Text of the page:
Defining School Failure

What makes a failing school a failing school? I’m not asking why the school fails, but rather what does failing mean? Certainly, I’m not the first or last person to ask this. People seem to disagree about what failing means in this context, which is why I’m raising the question. When I talk with people about why schools fail, they often struggle to define what school failure actually is. This prompts me to wonder how anyone can know if a school is indeed failing.

Defining school failure should be simple. If the goals of a school are clearly defined and the school cannot achieve these goals, it has failed. It might fail in one specific area, or it might fail universally. For example, suppose a primary goal of a school is to ensure at least 90% of its students can read at grade level by a certain age. If only 80% can do so by this age, then the school has failed. If a school aims to have all of its students graduate on time and it falls short of this, it has failed. When a school aims to achieve anything and it can’t, it has failed.

Or has it?

What if the students are the ones failing? Perhaps the school has adequate and appropriate supports in place, but the students simply can’t achieve to levels commensurate with their ages and grades. The school team does all it can, but students fail to reach benchmarks. The majority of students might have limitations that are beyond what the school can address. If the school has no ability to undo the effects of factors such as poverty, family strife, and community dysfunction, has the school failed when students fail?

I worked in a school that served as an interesting model for what I’ve described above. Students in the school all had physical disabilities. Most had cognitive delays as well. At the time I left the school, approximately half the students in the building had intellectual disabilities. All but a few had some cognitive delays resulting at least in part from their physical disabilities. Several had impairments that would prevent them from ever reading or speaking. Almost no students in this building could read at grade level. This persisted despite class sizes being small and the school having more reading programs and educational technology than the staff had time to use. Was the failure of students to learn to read the fault of this school? I doubt many rational people would try to argue that it was.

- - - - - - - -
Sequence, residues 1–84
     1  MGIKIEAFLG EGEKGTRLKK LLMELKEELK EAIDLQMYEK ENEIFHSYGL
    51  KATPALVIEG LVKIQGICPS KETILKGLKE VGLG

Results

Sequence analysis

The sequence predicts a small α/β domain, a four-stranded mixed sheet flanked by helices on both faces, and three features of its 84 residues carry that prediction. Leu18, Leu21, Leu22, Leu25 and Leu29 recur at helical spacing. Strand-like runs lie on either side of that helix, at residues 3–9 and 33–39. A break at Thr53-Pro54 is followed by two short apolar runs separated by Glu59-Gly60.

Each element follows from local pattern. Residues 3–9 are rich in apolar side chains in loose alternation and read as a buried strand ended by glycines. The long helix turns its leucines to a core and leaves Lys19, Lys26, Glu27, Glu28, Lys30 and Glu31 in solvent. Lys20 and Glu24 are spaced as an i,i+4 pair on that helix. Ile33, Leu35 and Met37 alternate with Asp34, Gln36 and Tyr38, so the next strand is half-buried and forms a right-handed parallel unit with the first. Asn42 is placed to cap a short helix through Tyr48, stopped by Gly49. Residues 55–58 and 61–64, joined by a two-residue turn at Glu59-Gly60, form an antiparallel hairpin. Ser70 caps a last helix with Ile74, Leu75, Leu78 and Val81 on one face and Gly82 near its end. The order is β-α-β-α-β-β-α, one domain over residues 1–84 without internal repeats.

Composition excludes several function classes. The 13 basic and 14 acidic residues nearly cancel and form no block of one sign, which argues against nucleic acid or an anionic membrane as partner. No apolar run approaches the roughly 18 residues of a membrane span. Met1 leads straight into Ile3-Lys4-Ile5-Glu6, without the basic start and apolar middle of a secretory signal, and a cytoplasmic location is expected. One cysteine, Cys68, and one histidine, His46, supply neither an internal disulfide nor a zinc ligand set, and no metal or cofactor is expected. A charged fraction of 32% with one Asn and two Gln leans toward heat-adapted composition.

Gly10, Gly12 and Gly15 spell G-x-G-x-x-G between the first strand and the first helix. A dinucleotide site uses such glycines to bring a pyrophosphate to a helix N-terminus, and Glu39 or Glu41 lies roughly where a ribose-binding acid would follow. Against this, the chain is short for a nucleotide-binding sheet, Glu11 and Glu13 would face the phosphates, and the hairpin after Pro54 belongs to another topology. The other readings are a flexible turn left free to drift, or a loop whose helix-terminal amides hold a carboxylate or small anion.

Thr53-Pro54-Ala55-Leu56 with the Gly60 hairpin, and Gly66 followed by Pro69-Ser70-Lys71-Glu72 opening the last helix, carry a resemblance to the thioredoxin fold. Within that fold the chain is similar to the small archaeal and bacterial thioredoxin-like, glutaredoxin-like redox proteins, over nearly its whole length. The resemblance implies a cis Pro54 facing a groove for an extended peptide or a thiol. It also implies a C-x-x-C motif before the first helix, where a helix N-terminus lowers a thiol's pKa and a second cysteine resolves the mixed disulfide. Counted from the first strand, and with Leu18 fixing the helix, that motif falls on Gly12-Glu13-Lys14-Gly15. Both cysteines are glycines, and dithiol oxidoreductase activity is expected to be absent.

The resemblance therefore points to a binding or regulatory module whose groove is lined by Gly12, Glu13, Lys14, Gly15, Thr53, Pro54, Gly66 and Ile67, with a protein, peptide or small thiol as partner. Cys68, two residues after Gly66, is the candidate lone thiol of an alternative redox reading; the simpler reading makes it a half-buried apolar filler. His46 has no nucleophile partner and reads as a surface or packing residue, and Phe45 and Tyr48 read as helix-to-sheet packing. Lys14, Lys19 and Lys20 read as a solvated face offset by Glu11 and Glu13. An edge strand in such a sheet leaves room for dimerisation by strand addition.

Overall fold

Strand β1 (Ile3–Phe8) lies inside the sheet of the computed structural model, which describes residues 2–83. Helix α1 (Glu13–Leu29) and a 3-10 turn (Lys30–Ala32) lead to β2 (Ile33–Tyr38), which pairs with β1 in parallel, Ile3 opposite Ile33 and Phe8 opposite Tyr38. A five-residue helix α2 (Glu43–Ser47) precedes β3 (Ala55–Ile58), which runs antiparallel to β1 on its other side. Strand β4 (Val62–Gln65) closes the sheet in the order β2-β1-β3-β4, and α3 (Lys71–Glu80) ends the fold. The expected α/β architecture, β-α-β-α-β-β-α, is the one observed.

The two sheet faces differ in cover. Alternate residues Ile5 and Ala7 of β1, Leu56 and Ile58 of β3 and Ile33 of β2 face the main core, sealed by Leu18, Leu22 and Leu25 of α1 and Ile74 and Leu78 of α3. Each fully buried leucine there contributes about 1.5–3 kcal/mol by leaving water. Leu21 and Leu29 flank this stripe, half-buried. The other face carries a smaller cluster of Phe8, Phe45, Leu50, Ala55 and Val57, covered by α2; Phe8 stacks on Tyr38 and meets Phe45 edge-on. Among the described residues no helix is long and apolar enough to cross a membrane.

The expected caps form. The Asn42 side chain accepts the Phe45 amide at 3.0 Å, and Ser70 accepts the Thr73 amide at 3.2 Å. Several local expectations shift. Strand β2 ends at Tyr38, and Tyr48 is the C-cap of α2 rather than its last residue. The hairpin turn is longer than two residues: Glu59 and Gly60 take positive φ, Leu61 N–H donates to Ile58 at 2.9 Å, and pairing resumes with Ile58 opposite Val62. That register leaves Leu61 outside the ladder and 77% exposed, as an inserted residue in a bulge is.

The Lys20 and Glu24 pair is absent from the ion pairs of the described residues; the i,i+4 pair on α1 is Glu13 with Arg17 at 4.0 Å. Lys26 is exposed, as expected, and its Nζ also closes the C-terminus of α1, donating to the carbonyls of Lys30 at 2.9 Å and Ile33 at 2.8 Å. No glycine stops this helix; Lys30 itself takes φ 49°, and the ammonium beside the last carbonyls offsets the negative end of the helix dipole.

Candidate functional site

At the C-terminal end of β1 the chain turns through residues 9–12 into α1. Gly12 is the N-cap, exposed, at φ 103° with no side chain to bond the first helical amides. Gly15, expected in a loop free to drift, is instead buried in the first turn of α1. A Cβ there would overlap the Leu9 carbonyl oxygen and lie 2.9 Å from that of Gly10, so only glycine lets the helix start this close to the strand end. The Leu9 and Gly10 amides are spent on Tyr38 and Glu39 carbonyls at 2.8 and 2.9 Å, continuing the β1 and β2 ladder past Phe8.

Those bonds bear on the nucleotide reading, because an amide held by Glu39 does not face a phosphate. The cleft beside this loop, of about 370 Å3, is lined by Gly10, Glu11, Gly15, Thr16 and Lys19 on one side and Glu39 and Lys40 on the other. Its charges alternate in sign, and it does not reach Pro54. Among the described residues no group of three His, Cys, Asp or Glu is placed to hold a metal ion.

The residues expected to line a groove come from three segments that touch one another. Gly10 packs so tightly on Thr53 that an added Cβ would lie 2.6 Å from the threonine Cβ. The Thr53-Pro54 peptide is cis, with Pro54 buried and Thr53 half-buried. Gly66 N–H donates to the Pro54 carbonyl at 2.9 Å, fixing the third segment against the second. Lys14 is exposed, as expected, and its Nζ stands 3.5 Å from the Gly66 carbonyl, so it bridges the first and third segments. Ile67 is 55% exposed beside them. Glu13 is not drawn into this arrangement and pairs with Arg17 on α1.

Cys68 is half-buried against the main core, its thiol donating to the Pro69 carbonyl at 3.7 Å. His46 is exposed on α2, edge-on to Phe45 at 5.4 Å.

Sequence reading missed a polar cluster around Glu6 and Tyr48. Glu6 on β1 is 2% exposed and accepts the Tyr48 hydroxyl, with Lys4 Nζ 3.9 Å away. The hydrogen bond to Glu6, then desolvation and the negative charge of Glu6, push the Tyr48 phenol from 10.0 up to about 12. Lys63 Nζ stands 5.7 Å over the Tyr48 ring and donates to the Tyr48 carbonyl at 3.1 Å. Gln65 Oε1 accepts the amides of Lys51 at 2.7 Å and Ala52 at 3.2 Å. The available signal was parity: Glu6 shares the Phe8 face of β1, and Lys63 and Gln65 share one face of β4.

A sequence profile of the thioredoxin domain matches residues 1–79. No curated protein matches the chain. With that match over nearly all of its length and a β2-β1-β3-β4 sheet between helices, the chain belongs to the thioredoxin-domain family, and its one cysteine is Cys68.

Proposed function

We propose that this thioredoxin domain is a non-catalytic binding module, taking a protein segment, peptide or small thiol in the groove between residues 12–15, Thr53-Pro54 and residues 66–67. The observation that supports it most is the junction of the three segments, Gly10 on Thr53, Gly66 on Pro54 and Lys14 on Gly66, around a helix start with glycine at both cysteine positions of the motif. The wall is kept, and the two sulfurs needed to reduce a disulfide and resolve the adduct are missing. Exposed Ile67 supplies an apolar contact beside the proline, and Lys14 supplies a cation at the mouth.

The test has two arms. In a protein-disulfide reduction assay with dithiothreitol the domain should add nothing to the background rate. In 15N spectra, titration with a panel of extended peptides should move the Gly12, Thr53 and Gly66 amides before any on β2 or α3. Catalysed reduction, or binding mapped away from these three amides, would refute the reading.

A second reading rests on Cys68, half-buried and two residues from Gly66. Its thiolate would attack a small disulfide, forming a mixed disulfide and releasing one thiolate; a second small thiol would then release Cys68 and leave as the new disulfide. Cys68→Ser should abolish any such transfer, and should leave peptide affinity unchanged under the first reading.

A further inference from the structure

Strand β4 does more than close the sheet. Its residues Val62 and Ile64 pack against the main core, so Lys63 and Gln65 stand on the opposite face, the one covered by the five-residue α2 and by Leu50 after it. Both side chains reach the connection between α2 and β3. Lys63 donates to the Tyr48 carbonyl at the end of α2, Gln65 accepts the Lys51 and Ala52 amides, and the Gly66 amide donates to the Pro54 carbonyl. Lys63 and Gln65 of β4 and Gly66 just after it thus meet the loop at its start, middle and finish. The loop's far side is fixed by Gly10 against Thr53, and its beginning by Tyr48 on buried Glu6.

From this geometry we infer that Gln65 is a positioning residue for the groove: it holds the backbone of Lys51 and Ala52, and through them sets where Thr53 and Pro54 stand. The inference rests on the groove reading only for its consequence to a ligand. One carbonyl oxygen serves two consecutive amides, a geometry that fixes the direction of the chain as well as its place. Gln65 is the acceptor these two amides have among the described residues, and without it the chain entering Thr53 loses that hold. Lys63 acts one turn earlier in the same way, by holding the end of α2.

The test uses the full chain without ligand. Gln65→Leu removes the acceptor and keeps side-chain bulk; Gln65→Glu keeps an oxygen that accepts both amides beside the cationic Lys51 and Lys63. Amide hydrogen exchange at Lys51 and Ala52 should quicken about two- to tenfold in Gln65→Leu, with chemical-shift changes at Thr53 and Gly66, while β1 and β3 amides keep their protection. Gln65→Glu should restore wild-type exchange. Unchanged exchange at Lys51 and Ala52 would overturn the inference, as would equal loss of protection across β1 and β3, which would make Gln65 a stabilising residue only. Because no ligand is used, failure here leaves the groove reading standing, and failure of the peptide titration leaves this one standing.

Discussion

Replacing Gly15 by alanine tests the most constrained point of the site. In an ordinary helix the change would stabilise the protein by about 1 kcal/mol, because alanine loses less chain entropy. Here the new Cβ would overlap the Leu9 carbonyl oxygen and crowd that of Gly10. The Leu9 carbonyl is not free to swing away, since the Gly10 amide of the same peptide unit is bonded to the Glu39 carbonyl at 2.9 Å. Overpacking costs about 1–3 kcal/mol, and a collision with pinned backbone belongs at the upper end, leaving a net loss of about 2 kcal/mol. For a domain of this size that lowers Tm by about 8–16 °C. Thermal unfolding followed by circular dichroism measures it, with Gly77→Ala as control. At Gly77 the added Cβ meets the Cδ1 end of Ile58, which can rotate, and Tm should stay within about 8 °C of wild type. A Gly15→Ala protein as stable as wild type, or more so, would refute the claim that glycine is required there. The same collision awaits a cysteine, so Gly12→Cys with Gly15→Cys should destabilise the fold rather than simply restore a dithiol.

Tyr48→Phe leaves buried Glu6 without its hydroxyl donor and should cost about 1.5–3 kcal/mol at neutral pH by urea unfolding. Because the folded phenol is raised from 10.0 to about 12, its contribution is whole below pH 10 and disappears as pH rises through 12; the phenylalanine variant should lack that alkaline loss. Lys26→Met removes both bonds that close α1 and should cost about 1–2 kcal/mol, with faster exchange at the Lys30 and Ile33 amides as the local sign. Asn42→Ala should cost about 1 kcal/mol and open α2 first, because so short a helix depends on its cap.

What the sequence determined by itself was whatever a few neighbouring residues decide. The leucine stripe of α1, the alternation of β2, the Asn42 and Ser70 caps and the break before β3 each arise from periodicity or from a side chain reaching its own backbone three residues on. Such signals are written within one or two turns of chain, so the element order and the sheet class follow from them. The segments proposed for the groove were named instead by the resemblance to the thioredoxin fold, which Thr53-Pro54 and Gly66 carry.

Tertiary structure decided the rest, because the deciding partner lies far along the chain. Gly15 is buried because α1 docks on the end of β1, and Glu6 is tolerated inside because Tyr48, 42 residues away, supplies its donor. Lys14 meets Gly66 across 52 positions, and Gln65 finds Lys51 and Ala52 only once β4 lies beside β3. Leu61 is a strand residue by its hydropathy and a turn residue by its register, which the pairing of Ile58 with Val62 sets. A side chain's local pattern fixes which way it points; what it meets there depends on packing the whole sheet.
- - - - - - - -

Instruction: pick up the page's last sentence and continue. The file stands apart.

So why claim that schools with highly disadvantaged populations are failing? Of course, few schools have a majority of students with congenital disabilities or brain injuries. Many supposedly failing schools do have vast numbers of students who had poor prenatal care, insufficient nutrition, and exposure to trauma during childhood. These schools often serve students whose parents can’t read, whose home lives are tumultuous, and whose opportunities for constructive stimulation are outnumbered by opportunities for destructive conflict. Do schools fail these students, or is there no way for schools to succeed with them?

Any allegiance to the stance that schools might not be at fault will appear to some to be part of a cycle of blame. Having been a teacher, I might be expected to take the side of schools and point a proverbial finger at the disastrous communities that send students to schools. Please understand: I’m not a blind defender of public schools, nor am I a caustic critic of depressed communities. In truth, most schools that serve such dysfunctional populations are dysfunctional themselves. They face their own limitations such as threadbare budgets, transient employees, and questionable management. The unknown is how these schools would fare if the issues that plague them could be erased.